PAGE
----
Open Access
Open Peer Review

This article has Open Peer Review reports available.

How does Open Peer Review work?

Evaluation of a pulsed-xenon ultraviolet room disinfection device for impact on contamination levels of methicillin-resistant Staphylococcus aureus

  • Chetan Jinadatha1Email author,
  • Ricardo Quezada2,
  • Thomas W Huber1,
  • Jason B Williams3,
  • John E Zeber1, 2 and
  • Laurel A Copeland1, 2
BMC Infectious Diseases201414:187

DOI: 10.1186/1471-2334-14-187

Received: 22 April 2013

Accepted: 31 March 2014

Published: 7 April 2014

Abstract

Background

Healthcare-acquired infections with methicillin-resistant Staphylococcus aureus (MRSA) are a significant cause of increased mortality, morbidity and additional health care costs in United States. Surface decontamination technologies that utilize pulsed xenon ultraviolet light (PPX-UV) may be effective at reducing microbial burden. The purpose of this study was to compare standard manual room-cleaning to PPX-UV disinfection technology for MRSA and bacterial heterotrophic plate counts (HPC) on high-touch surfaces in patient rooms.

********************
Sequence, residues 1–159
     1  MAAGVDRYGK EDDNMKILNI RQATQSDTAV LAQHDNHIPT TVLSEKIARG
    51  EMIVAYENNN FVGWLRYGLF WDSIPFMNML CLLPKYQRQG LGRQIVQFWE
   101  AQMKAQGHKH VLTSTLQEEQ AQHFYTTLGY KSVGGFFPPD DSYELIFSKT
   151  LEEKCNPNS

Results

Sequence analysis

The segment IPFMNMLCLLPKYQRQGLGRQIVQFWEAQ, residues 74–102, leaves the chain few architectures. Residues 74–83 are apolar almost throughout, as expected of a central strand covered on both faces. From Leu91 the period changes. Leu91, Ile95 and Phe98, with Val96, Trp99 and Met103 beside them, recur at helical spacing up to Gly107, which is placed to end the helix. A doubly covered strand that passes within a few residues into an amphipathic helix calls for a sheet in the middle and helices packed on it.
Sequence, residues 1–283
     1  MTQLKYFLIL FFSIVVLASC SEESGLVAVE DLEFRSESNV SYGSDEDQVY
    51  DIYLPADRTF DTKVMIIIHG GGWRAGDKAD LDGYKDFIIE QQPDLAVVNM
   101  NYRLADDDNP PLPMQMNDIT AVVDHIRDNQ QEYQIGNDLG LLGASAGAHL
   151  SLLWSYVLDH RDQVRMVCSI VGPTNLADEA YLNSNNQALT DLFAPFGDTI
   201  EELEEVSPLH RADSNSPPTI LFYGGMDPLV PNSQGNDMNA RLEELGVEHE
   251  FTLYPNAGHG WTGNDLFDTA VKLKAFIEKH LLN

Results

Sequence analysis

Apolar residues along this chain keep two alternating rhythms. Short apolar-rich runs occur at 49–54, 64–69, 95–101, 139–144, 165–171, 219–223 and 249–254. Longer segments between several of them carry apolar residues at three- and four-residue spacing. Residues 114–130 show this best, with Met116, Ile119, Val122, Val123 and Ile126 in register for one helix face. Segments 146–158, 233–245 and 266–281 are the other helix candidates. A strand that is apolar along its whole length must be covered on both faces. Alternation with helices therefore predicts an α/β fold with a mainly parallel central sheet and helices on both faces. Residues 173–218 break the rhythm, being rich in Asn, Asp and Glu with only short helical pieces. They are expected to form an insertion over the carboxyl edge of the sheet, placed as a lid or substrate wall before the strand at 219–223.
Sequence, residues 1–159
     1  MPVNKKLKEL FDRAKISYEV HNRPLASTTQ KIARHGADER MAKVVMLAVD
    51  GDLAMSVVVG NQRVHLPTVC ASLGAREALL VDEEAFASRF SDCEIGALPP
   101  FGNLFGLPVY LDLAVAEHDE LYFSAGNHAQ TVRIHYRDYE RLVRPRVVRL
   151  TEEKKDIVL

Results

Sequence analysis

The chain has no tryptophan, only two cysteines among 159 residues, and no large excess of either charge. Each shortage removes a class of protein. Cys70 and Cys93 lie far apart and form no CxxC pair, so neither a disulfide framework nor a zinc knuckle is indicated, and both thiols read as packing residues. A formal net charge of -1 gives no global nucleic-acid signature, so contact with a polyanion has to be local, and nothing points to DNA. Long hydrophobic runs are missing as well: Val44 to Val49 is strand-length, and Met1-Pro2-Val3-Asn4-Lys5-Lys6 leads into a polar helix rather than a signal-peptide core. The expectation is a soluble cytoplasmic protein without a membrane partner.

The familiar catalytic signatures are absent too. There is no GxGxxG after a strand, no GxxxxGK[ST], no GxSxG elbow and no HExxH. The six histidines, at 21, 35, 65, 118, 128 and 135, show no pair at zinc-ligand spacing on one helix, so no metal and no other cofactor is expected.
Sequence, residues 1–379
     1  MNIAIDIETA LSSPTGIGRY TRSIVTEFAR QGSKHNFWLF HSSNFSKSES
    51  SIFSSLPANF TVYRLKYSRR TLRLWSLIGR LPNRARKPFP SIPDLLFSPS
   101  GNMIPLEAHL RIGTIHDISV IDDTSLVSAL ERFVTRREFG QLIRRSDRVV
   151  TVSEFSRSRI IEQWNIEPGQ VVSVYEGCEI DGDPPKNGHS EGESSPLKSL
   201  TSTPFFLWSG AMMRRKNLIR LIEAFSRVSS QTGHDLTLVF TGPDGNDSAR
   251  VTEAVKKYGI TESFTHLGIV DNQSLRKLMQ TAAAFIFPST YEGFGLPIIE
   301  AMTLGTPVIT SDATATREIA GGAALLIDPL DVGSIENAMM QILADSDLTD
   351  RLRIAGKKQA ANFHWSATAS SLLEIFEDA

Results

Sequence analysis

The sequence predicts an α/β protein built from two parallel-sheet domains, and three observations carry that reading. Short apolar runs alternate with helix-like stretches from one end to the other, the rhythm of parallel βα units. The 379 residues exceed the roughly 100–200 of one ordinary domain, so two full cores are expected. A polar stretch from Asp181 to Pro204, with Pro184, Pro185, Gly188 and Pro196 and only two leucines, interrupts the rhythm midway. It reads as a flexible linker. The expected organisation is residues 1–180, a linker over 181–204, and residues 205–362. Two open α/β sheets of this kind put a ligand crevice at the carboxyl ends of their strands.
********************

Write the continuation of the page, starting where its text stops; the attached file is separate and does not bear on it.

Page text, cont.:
Methods

Rooms vacated by patients that had a MRSA-positive polymerase chain reaction or culture during the current hospitalization and at least a 2-day stay were studied. 20 rooms were then treated according to one of two protocols: standard manual cleaning or PPX-UV. This study evaluated the reduction of MRSA and HPC taken from five high-touch surfaces in rooms vacated by MRSA-positive patients, as a function of cleaning by standard manual methods vs a PPX-UV area disinfection device.

Results

Colony counts in 20 rooms (10 per arm) prior to cleaning varied by cleaning protocol: for HPC, manual (mean = 255, median = 278, q1-q3 132–304) vs PPX-UV (mean = 449, median = 365, q1-q3 332–530), and for MRSA, manual (mean = 127; median = 28.5; q1-q3 8–143) vs PPX-UV (mean = 108; median = 123; q1-q3 14–183). PPX-UV was superior to manual cleaning for MRSA (adjusted incident rate ratio [IRR] = 7; 95% CI <1-41) and for HPC (IRR = 13; 95% CI 4–48).

Conclusion

PPX-UV technology appears to be superior to manual cleaning alone for MRSA and HPC. Incorporating 15 minutes of PPX-UV exposure time to current hospital room cleaning practice can improve the overall cleanliness of patient rooms with respect to selected micro-organisms.

Keywords

MRSA Methicillin-resistant Staphylococcus aureus No touch disinfection Pulsed xenon ultraviolet disinfection device Nosocomial infections

Background